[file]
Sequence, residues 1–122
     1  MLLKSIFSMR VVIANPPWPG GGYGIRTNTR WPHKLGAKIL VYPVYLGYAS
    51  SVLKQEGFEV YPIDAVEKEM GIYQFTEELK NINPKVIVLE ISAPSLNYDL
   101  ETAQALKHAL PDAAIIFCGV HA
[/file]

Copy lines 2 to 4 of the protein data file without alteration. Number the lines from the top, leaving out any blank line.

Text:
     1  MLLKSIFSMR VVIANPPWPG GGYGIRTNTR WPHKLGAKIL VYPVYLGYAS
    51  SVLKQEGFEV YPIDAVEKEM GIYQFTEELK NINPKVIVLE ISAPSLNYDL
   101  ETAQALKHAL PDAAIIFCGV HA